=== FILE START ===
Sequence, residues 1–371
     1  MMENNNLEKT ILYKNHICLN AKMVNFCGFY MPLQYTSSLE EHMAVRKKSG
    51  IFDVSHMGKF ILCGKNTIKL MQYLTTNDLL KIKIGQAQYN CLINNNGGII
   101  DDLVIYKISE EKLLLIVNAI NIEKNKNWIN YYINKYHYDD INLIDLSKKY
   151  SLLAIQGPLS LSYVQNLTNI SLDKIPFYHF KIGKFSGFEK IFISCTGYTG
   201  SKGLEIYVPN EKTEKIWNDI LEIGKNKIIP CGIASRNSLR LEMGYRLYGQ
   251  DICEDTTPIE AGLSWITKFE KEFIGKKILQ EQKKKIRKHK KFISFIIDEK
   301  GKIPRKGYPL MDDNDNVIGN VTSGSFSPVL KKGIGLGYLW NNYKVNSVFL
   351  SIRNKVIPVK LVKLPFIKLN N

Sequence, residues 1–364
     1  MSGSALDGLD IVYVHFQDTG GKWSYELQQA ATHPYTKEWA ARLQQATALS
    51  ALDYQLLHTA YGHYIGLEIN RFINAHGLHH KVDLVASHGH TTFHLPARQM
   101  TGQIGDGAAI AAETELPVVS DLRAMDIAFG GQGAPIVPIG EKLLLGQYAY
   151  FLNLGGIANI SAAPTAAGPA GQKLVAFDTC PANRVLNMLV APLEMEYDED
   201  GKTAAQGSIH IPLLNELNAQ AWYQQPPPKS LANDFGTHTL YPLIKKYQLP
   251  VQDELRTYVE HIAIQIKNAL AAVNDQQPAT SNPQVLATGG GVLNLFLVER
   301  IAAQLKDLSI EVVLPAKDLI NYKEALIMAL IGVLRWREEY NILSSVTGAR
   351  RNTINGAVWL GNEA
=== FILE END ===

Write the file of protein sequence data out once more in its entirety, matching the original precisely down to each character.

Sequence, residues 1–371
     1  MMENNNLEKT ILYKNHICLN AKMVNFCGFY MPLQYTSSLE EHMAVRKKSG
    51  IFDVSHMGKF ILCGKNTIKL MQYLTTNDLL KIKIGQAQYN CLINNNGGII
   101  DDLVIYKISE EKLLLIVNAI NIEKNKNWIN YYINKYHYDD INLIDLSKKY
   151  SLLAIQGPLS LSYVQNLTNI SLDKIPFYHF KIGKFSGFEK IFISCTGYTG
   201  SKGLEIYVPN EKTEKIWNDI LEIGKNKIIP CGIASRNSLR LEMGYRLYGQ
   251  DICEDTTPIE AGLSWITKFE KEFIGKKILQ EQKKKIRKHK KFISFIIDEK
   301  GKIPRKGYPL MDDNDNVIGN VTSGSFSPVL KKGIGLGYLW NNYKVNSVFL
   351  SIRNKVIPVK LVKLPFIKLN N

Sequence, residues 1–364
     1  MSGSALDGLD IVYVHFQDTG GKWSYELQQA ATHPYTKEWA ARLQQATALS
    51  ALDYQLLHTA YGHYIGLEIN RFINAHGLHH KVDLVASHGH TTFHLPARQM
   101  TGQIGDGAAI AAETELPVVS DLRAMDIAFG GQGAPIVPIG EKLLLGQYAY
   151  FLNLGGIANI SAAPTAAGPA GQKLVAFDTC PANRVLNMLV APLEMEYDED
   201  GKTAAQGSIH IPLLNELNAQ AWYQQPPPKS LANDFGTHTL YPLIKKYQLP
   251  VQDELRTYVE HIAIQIKNAL AAVNDQQPAT SNPQVLATGG GVLNLFLVER
   301  IAAQLKDLSI EVVLPAKDLI NYKEALIMAL IGVLRWREEY NILSSVTGAR
   351  RNTINGAVWL GNEA